Dzokhar Tsarnaev, the surviving Boston bomber, gets the death penalty.
According to eye witness accounts of his trial, he expresses no remorse, anymore than he did after the crime itself. He smelt the blood and heard the screams but casually went off to purchase a bottle of milk at a nearby shop and then tweeted “there is no love in this country”.
Later, in court, he cried at the sight of his aunt, but his tears, it seemed, were for her and not for those who had lost children or friends in the bombing. But before then, as he remembered the event itself, he had told Sister Helen Prejean who visited him in prison that “No one deserves to suffer like they did”.
Dzokhar Tsarnaev is 21, officially an adult but still a juvenile, a person not fully formed whose emotions are still in a state of flux and able to be shaped by others. At the same time, he seems old before his time. His face is set in the defiance of old age, as it is seen in the faces of those who have lived selfishly and refuse either regret or remorse. Is he in his right mind? Is he as much himself as he was perhaps ten years ago? What kind of a human being could he yet become if he was healed of his hatred? If we kill him we will never know.
Neither will we know what the murdered child and student would have become if they had lived. In all this unknowing, those who were tasked with administering justice wanted Tsarnaev to give them a sign which would help them to be merciful, but he remained impassive. In a society for whom retributive justice is a moral imperative, public opinion would have gone against them had they decided on mercy in any case, and Tsarnaev himself did not seem to want his life to be spared. So would it have been a harder punishment to allow him to live?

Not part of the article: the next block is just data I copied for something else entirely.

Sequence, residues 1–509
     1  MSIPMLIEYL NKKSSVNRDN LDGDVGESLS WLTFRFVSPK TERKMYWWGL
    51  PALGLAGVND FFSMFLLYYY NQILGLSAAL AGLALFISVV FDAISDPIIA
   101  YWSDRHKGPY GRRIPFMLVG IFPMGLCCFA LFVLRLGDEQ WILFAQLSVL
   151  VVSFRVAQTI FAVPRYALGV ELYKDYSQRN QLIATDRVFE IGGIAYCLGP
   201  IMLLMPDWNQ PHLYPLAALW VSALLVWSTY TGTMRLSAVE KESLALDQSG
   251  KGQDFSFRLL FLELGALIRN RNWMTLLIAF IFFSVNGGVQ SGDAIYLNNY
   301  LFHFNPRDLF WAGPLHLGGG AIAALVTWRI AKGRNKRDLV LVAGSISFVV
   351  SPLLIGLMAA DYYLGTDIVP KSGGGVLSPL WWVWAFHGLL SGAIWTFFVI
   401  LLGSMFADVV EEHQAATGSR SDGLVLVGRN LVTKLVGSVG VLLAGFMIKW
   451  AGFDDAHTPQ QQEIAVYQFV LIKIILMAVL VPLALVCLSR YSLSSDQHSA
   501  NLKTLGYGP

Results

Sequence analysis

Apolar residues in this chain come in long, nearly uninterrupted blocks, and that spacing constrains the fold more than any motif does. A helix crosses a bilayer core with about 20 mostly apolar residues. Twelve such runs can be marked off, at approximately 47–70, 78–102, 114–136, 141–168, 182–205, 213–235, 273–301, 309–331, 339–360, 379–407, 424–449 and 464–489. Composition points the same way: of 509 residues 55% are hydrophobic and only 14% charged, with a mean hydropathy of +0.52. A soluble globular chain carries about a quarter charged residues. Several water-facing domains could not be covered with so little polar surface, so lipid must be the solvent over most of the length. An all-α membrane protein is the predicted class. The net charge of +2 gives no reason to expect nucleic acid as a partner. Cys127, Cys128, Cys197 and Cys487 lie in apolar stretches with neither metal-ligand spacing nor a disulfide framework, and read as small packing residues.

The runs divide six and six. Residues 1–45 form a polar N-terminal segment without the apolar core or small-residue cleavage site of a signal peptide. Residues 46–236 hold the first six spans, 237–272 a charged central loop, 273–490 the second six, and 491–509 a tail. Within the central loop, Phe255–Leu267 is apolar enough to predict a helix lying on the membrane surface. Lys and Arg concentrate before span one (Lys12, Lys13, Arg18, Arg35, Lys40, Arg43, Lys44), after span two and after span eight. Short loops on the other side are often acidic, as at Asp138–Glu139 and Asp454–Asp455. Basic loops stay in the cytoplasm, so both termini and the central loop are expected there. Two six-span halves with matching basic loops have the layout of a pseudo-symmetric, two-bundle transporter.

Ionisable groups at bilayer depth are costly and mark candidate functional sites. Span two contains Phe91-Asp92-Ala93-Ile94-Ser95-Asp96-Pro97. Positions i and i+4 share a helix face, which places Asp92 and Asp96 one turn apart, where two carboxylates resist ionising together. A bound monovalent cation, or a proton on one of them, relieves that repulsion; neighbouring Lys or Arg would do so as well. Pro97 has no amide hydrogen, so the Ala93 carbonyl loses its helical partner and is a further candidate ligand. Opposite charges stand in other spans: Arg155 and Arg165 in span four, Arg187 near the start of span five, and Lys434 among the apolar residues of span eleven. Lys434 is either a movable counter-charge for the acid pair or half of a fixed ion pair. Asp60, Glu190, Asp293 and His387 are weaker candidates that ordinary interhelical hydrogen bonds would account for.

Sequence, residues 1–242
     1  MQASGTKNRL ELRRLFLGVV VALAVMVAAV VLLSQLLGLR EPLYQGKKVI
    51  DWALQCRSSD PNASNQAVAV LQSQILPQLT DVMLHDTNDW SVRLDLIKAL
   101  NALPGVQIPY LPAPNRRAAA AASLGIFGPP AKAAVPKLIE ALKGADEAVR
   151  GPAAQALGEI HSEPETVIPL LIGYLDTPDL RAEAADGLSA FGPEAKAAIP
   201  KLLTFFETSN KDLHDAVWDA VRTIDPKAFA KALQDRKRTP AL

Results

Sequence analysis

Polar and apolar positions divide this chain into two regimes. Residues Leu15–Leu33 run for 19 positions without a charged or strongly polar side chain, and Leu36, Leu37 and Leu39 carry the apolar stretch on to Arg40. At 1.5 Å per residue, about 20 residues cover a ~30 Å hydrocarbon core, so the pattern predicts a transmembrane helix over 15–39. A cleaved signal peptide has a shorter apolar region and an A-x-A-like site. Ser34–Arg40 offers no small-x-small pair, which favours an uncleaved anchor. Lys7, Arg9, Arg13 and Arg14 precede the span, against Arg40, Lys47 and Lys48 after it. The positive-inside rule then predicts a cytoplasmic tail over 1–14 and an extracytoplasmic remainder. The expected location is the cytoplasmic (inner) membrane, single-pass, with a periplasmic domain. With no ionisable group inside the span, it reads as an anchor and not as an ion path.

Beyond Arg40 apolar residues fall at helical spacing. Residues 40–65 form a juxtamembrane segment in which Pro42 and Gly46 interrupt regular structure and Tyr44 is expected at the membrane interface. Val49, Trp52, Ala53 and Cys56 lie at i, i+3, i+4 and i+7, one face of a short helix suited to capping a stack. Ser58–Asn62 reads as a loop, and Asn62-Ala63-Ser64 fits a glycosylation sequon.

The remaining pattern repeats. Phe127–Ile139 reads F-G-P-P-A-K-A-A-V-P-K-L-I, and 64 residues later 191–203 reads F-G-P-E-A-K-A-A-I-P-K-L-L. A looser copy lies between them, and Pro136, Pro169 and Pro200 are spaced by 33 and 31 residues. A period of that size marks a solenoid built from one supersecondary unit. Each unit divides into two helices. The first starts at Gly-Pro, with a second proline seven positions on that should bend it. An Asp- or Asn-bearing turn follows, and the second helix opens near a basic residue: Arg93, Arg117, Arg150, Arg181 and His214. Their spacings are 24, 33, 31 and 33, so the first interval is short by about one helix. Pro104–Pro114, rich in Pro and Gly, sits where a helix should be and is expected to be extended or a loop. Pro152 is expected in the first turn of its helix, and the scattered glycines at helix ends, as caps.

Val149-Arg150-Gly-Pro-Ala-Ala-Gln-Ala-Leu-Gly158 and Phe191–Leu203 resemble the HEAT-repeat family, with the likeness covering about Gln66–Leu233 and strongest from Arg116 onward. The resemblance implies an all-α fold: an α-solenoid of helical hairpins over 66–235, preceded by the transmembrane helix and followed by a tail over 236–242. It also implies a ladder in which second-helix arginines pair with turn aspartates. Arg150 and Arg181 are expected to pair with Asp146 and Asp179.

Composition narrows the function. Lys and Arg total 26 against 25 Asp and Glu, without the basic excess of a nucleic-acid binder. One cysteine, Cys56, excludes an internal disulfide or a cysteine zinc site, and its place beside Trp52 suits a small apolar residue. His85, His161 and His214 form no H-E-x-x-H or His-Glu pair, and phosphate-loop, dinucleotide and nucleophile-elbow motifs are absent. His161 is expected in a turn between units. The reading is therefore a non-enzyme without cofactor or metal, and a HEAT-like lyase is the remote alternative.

This begs a further question about what punishment is for. Is it simply to hand out retribution measure for measure, an eye for an eye? If so, what purpose does it serve? Towards what end does it lead? Where something serves an ultimate end, it has a future, a time ahead in which change might be effected in a killer’s mind and heart. The question also turns on the fact that punishment is not handed out simply because it will deter future criminals but because justice demands that criminals should be punished on behalf of their victims.
A quid pro quo approach to justice denies any possibility of a punishment leading towards some better end. Furthermore, it constrains the idea of justice itself within the narrow confines of a problem which can only be solved through payback. But payback is not really a solution for the victim, or for the wider community or for the perpetrator of the crime. Payback justice can only lead to a life-denying outcome for everyone, in other words to more death. It deprives all parties concerned of their humanity, whether that humanity is understood as life to be cut off or spared, or, in the case of criminal justice, the quality and fruit of a lifespan which has run its natural course.
How many victims of terrorism, who have had someone they love taken from them arbitrarily and violently, feel that their own humanity has been restored, even enriched, in the longer term by the fact of a life being taken for a life in the moment of the judgment handed down in court? Has this judgment healed the victim, or has it simply given them permission to carry on with their own retributive hating? In the case of the perpetrator, the death sentence will prevent further hate-driven activity, but it will not stem hatred. It will simply pass it on to someone else, or disseminate it in the wider group.
If the death penalty were to be commuted to life imprisonment, would it not offer Dzokhar Tsarnaev the chance to convert his hatred into something life giving and all the more valuable because of the change of mind and heart needed for life to be born out of the ashes of hatred? If we do not believe such a thing to be possible, have we not already forfeited something of our humanity?
The Christian message of salvation is one of mercy, the kind of mercy which pertains to God and which transforms minds and changes the way people live their lives. To deny mercy is to deny the possibility of the transformation of hatred and of another person changing as a result of this transformation. It also denies our own need for mercy, our need to be embraced by God. To feel the effect of mercy we have to own our need of it, first to God and then to those we have wronged who are also in need of mercy, each in their separate ways.